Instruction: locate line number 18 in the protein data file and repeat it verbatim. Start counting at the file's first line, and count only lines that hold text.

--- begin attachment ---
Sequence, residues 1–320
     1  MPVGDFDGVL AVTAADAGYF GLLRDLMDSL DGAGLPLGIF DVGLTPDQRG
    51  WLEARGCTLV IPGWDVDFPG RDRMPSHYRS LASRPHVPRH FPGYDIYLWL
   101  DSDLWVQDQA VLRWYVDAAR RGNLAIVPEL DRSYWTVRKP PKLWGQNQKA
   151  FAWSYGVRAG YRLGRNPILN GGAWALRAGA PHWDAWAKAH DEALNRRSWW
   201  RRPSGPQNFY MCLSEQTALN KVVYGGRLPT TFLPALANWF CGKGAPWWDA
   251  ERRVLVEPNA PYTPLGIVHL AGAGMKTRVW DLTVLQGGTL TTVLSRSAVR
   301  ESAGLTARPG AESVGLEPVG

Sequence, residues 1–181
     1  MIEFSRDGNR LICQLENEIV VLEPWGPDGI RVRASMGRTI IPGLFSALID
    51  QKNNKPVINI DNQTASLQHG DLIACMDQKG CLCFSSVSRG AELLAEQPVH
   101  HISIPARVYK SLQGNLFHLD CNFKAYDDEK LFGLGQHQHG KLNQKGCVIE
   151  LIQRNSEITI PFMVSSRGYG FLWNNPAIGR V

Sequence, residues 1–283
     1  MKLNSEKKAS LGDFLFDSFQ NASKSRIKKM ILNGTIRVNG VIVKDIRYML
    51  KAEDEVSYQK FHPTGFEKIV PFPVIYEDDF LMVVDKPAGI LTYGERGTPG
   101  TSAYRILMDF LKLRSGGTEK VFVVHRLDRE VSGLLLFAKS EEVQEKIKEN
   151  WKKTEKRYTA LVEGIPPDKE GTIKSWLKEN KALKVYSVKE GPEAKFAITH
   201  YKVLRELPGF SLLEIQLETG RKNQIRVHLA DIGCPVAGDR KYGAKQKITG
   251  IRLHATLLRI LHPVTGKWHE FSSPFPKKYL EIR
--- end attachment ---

   151  WKKTEKRYTA LVEGIPPDKE GTIKSWLKEN KALKVYSVKE GPEAKFAITH